A free post-event discussion is available after this event. See below for more information and registration.
“I was taught to treat everyone the same.” “I don’t see color.” “My parents voted for Obama.” You’ve probably heard similar statements uttered over lunchtime convos, or while hanging out with friends and family. But those casual remarks really indicate that when white people have the opportunity to think and talk about race and racism, more often than not, they don’t know how.
How can we better sow the seeds for fruitful conversation and grow meaningful change? In a new adaptation of Dr. Robin DiAngelo’s best-selling book White Fragility, anti-racist educators Toni Graves Williamson and Ali Michael explain the concept of systemic racism to young adult readers and how to recognize it in themselves and the world around them. Along the way, Williamson and Michael provide tools for taking action to challenge systems of inequity and racism as they move into adulthood.
Filled with personal stories from the multiracial creators, discussion prompts, illustrations, and profiles of scholars and activists, this reimagined book gives young adults (and older readers, too!) the tools to ask questions, engage in dialogue, challenge their ways of thinking, and take action to create a more racially just world.
Dr. Robin DiAngelo is an Affiliate Associate Professor of Education at the University of Washington. In addition, she holds two Honorary Doctorates. Her area of research is in Whiteness Studies and Critical Discourse Analysis, tracing how whiteness is reproduced in everyday narratives. She is a two-time winner of the Student’s Choice Award for Educator of the Year at the University of Washington’s School of Social Work. She has numerous publications and books, including the award-winning Is Everybody Really Equal?: An Introduction to Key Concepts in Critical Social Justice Education, co-written with Özlem Sensoy, and White Fragility: Why It’s So Hard For White People To Talk About Racism. Released in June of 2018, White Fragility debuted on the New York Times Bestseller List, where it remained for over three years and has been translated into 12 languages. Her follow-up book, released in June of 2021, is Nice Racism: How Progressive White People Perpetuate Racial Harm. Her work or interviews have been featured in The New York Times, The Guardian, CNN, NPR, PBS, and The BBC, among many other forums.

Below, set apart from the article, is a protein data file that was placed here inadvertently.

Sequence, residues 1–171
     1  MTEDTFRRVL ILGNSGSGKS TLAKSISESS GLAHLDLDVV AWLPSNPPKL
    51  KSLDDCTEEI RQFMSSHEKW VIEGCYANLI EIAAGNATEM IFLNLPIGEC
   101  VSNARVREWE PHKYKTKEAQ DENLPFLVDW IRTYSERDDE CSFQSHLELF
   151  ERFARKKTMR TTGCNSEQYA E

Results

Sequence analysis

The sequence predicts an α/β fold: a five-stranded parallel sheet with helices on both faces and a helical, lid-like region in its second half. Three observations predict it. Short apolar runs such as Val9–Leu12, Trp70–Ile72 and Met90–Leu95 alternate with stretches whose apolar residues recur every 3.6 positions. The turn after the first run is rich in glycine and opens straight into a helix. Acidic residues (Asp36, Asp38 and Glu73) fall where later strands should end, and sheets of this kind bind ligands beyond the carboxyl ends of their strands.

Erin Jones is an Independent Education and Systems Consultant and public speaker who has been involved in and around schools for 30 years. She has taught in a variety of environments to some of the most diverse communities in the nation, and has been recognized for her outstanding work as an educator both locally and nationally. Jones has also worked as an executive for two state superintendents, worked in college access at the school district level, and ran for state superintendent in 2016 – the first Black woman to run for any state office in Washington state. Today, Erin is a speaker and trainer who has logged thousands of hours delivering keynotes, speaking at schools, and providing training to government agencies and nonprofits. She published a book in 2021 entitled Bridges to Heal US, Stories and Strategies for Racial Healing.
Conversation Club: A Post-Event Discussion with Ilsa Govan
Stick around after Dr. DiAngelo’s talk for an opportunity to process and personalize the content of the event. In a small group setting, guest facilitator Ilsa Govan, author of What’s Up With White Women?, will create space for participants to go further with the topics presented onstage.
Please RSVP here. Seats for the discussion are limited. Conversation Club will be held in person only in The Mehdi Reading Room, and will not be recorded.
Presented by Town Hall Seattle.